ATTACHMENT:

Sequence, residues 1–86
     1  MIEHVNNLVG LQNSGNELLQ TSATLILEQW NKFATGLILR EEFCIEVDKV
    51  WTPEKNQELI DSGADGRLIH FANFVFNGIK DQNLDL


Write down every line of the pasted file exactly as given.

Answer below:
Sequence, residues 1–86
     1  MIEHVNNLVG LQNSGNELLQ TSATLILEQW NKFATGLILR EEFCIEVDKV
    51  WTPEKNQELI DSGADGRLIH FANFVFNGIK DQNLDL